I enjoy a good analogy, especially when it is bundled with learning about something new like…rock climbing. Of course leave it to Mark Beeson to create such an opportunity at SWAT (our weekly staff meeting: Staff Working As Team)
So, today Mark drew an image of a rock climber on the side of a rock face and another person on top of the rock/cliff – whatever and explained that part of rock climbing safely includes certain “calls” and to understand the rest of my post you might want to know the definition of the word “belay” that is: to turn a rope round an object or person in order to secure it or him. (apparently belaying can be done from the cliff top or the ground with an anchor properly placed in the the top of the rock)
So, before a climber begins to climb, they call to the person that is belaying:
“On Belay!” and then wait for the response of
Then they call out
“Climbing!” and wait for the response of
“Climb!” (or I have also found “Climb On!”)
And thus begin the process of working their way up the rock. The person belaying is constantly pulling up the slack of the rope. If in the event the climber feels himself falling he is supposed to call out:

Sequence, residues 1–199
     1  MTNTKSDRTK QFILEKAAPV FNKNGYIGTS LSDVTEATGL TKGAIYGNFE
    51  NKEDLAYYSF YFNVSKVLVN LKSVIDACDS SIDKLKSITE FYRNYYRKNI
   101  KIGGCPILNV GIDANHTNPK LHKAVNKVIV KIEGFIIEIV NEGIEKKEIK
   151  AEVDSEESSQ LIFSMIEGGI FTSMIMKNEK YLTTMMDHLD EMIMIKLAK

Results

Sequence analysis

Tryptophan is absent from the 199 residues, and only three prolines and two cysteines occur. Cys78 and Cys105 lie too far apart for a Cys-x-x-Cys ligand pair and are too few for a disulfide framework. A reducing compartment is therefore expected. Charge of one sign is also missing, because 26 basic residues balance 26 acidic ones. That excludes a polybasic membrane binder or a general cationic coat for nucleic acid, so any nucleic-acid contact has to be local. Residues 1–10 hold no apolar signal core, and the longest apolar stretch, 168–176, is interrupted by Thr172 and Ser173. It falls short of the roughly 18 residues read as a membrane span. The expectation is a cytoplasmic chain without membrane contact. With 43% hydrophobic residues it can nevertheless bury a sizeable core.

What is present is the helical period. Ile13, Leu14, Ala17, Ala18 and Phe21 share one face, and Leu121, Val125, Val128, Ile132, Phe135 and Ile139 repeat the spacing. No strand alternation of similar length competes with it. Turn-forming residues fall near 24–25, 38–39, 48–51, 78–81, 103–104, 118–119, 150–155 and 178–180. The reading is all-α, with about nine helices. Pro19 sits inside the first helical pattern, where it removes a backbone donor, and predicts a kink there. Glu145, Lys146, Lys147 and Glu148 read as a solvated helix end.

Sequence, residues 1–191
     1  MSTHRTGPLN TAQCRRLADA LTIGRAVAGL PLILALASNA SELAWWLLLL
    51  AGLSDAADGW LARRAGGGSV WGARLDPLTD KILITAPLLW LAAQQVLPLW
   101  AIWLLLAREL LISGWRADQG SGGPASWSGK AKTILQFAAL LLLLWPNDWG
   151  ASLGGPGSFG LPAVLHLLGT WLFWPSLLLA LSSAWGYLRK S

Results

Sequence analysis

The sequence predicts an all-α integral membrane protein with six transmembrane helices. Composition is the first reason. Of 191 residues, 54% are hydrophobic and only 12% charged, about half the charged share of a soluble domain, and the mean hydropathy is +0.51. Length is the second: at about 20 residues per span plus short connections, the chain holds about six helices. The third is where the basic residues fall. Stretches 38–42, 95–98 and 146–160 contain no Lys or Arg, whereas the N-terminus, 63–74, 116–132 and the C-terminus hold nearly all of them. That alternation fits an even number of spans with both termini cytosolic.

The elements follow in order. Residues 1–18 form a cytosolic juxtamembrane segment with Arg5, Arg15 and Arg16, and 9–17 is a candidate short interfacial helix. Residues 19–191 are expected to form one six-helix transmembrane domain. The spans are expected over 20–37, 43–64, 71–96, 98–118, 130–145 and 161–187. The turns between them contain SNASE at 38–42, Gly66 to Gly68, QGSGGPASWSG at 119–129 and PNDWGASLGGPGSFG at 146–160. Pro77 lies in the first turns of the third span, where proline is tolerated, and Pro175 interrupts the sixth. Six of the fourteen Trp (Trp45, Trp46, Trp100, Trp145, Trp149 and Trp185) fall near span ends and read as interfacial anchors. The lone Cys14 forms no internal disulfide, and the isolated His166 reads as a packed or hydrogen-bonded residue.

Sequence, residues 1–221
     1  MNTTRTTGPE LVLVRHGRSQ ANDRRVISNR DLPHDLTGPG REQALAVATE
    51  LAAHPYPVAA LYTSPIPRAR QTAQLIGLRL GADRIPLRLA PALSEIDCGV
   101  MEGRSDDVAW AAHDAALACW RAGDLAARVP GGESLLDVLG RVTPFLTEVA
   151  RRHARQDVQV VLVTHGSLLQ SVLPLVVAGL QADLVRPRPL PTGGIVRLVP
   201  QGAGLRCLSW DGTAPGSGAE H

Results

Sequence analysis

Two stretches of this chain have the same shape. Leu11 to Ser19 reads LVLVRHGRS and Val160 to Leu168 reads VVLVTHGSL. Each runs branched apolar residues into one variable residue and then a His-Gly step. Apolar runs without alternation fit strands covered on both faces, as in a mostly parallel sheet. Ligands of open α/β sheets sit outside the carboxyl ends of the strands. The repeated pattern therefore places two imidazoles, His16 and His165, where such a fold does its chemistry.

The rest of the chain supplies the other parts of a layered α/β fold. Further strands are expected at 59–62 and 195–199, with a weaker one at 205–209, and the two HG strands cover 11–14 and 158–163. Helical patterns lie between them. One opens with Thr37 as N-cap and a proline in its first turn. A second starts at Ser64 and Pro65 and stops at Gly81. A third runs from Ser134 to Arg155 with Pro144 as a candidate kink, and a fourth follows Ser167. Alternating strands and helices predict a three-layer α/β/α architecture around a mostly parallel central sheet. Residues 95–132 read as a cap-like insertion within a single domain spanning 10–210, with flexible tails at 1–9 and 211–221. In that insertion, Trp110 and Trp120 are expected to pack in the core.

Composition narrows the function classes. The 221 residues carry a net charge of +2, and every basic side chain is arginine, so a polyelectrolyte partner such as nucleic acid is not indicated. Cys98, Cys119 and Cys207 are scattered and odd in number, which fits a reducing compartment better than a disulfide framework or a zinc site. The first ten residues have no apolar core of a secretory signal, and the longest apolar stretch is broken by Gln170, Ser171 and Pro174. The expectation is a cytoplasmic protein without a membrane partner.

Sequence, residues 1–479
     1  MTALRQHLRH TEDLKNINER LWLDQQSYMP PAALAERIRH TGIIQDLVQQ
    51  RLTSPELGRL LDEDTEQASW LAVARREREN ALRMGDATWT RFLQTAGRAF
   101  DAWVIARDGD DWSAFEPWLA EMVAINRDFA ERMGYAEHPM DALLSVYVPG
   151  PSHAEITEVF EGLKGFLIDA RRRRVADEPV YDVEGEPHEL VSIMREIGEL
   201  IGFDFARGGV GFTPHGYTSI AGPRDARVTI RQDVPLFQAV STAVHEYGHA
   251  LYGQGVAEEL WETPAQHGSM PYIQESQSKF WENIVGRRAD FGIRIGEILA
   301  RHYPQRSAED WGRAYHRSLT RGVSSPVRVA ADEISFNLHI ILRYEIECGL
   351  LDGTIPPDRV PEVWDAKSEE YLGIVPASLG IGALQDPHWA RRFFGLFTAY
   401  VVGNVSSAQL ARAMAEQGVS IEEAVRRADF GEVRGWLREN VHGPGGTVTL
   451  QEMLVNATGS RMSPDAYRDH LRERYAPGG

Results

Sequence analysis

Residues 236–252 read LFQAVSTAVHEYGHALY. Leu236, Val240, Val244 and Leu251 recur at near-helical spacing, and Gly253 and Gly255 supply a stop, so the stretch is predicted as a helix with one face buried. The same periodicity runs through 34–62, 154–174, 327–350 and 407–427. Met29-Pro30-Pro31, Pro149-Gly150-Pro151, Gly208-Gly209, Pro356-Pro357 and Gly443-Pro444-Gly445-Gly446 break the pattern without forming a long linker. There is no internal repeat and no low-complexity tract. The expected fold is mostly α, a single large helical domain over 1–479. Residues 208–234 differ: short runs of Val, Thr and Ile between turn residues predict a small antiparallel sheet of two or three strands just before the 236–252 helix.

[so, here is the POINT of the message and what I loved about Mark’s analogy]
If you’re not TIGHT with the one that is holding you, meaning that if there is alot of slack in the rope and they are oblivious to your climb, then you are going to fall long and fall hard. But if you’re tight, you only fall 3 inches, the rope stretches six and you bounce a bit but you are okay and you can continue climbing.
Here is where I went with the analogy:
Look at that through your Relationships filter.
Are you “tight” with your friends?
Married people, are you “tight” with your spouse?
Kids are you “tight” with your parents, your friends?
Are you “tight” with your church community?
Are you “tight” with Christ?
Whoever it is that you believe you are connected to, that you believe will notice when you start falling (even if you don’t have the clear thought of calling out the word “FALLING!”), are you “tight” enough for them to notice when it happens or did you start climbing up a rock that they were unaware of ?
If the answer to that last question was “yes”, it’s not too late to get “tight” – there is one rope call that Mark Beeson left off, actually there are several but, the one you can call up to have someone pull up all of the slack and hold on because a possible fall is anticipated:
You have to stay connected, you have to call out. You.
“LORD, if it’s you,” Peter replied, “tell me to come to you on the water.” “Come,” he said. Then Peter got down out of the boat, walked on the water and came toward Jesus. But when he saw the wind, he was afraid and, beginning to sink, cried out, “LORD, save me!” Immediately Jesus reached out his hand and caught him. “You of little faith,” he said, “why did you doubt?”
~Matthew 14:28-31 (NIV)